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Too often our business conversations sound more like a sales presentation, and a poor one at that. Consider that your listener can find data, information, and knowledge by looking it up on the internet or in books. What they need and can appreciate is the wisdom to recognize how, when, where, why, and with whom to apply the knowledge. Think about the level of conversations in which you participate. How can you contribute more to move up a level. This is a hierarchy of the kind of conversations possible:
Perhaps you heard the old adage, “You have two ears and one mouth, you should be listening twice as much as talking.” Here’s another one: “You can’t learn anything new when you are talking.” Listening well, listening for meaning, shows your respect for the other person, wins friends, and allows you to pick up different perspectives on a situation even if it doesn’t change your mind.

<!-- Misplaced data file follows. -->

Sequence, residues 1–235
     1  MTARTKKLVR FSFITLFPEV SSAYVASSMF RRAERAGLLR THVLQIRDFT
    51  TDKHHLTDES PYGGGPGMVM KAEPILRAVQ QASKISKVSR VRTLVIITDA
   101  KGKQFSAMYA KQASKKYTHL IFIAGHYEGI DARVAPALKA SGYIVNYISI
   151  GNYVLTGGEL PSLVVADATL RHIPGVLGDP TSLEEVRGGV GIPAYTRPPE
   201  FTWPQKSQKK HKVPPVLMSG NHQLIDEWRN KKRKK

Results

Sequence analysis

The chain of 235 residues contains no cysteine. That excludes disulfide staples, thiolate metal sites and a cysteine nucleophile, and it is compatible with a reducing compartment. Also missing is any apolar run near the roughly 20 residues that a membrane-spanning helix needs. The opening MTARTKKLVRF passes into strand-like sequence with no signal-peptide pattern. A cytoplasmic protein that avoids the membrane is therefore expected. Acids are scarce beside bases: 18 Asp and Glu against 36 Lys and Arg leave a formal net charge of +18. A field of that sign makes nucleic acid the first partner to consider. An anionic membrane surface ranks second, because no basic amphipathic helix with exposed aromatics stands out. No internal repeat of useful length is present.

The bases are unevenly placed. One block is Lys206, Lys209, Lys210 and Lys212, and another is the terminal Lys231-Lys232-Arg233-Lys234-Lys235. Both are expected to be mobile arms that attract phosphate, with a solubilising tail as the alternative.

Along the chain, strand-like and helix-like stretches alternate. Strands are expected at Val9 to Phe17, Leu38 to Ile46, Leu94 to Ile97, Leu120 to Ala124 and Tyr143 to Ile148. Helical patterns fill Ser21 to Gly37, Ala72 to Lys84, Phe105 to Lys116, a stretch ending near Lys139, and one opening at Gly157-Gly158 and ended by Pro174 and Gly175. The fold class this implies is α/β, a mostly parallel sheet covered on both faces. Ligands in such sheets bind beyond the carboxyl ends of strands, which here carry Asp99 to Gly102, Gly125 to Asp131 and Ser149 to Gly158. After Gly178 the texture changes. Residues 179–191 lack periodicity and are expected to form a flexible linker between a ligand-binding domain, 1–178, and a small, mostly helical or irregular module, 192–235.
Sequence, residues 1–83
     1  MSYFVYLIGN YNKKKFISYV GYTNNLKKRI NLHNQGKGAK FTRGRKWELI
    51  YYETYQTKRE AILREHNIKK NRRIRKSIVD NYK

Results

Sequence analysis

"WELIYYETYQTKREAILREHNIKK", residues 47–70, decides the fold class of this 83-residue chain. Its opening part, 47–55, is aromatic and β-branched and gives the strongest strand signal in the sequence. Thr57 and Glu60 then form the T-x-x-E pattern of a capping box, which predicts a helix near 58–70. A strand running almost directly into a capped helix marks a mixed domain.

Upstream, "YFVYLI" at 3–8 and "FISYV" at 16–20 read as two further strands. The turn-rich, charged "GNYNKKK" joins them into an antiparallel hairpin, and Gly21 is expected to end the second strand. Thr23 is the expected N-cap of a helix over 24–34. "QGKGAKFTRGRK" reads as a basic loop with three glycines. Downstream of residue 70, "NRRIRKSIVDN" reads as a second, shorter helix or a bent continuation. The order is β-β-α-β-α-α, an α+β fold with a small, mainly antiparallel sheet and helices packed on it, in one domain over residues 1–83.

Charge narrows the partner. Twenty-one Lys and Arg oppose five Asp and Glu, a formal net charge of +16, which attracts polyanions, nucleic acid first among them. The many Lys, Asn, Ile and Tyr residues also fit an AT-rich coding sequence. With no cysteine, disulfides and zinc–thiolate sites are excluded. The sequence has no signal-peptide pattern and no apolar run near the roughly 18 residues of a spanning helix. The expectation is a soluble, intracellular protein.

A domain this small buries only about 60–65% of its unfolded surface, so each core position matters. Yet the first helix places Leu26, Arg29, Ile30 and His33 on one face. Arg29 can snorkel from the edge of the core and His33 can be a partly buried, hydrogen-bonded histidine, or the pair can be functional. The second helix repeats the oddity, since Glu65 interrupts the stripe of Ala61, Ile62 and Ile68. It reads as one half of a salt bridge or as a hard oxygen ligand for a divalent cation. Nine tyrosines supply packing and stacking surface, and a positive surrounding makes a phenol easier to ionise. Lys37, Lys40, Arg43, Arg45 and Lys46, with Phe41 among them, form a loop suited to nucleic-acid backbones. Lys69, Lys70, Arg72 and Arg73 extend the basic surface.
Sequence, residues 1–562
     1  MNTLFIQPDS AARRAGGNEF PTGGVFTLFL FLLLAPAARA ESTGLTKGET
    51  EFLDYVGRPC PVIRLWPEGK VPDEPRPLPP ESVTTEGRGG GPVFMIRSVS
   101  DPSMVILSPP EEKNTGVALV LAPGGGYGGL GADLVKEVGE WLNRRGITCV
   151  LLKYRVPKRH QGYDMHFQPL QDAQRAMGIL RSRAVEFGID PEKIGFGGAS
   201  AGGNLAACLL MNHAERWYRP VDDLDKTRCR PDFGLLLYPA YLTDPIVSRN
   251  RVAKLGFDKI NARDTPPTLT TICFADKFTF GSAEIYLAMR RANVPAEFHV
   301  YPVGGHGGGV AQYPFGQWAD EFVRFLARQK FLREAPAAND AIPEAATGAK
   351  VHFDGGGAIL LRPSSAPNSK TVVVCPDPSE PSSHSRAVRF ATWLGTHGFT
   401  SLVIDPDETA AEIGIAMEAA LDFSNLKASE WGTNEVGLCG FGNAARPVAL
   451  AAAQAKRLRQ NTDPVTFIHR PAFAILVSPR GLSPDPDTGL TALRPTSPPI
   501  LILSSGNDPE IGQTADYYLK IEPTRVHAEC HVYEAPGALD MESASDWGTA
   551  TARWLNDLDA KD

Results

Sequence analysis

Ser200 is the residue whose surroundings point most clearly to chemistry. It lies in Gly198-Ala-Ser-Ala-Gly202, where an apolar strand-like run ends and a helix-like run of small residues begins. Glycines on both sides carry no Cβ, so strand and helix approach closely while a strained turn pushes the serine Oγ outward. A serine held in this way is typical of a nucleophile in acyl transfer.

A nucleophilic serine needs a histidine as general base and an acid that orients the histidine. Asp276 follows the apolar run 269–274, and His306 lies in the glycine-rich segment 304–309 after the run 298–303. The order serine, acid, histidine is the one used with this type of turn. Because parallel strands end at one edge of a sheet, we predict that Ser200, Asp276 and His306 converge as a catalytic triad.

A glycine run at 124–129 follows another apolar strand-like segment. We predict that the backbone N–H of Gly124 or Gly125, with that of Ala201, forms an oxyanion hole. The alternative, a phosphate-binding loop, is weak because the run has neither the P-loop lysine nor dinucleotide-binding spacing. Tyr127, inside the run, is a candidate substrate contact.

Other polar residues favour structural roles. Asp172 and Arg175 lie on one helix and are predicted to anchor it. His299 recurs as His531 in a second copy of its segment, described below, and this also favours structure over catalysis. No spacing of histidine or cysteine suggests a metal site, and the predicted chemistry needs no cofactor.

There is no better way to show respect than to really listen.
I was a geek mathematician at one time who got curious about why some people couldn’t understand some mathematical concepts like fractions. So I did my dissertation research on the subject and the answers I found led to more questions about how people learn and why not all people learned the same way or at the same pace. And as I did what many people do, move from one profession to another, one job to another, I got immersed in computer artificial intelligence as it compared to human intelligence, what intelligence is anyway, and how to apply my interests and what I researched to the way people approach and understand business decisions and general thinking.
That may sound like a long road but, looking back, it was a natural progression for me.
Now I speak and write about business decision-making, how to improve and explain and have confidence in one’s own decision-making. We all have funny and poignant stories about decisions we’ve made in the past.
What are yours?
Do you prefer to download a book and be able to start reading immediately? Or do you like a hardcopy to make notes in the margins, underline and highlight?
I’d love to hear about your preferences.
Most of the time I prefer an EBook on my iPad. But sometimes I want to be able to easily look through, look for notes I made, and get a feel for how the whole book is organized. Then I absolutely need to have the ‘real’ book in my hands.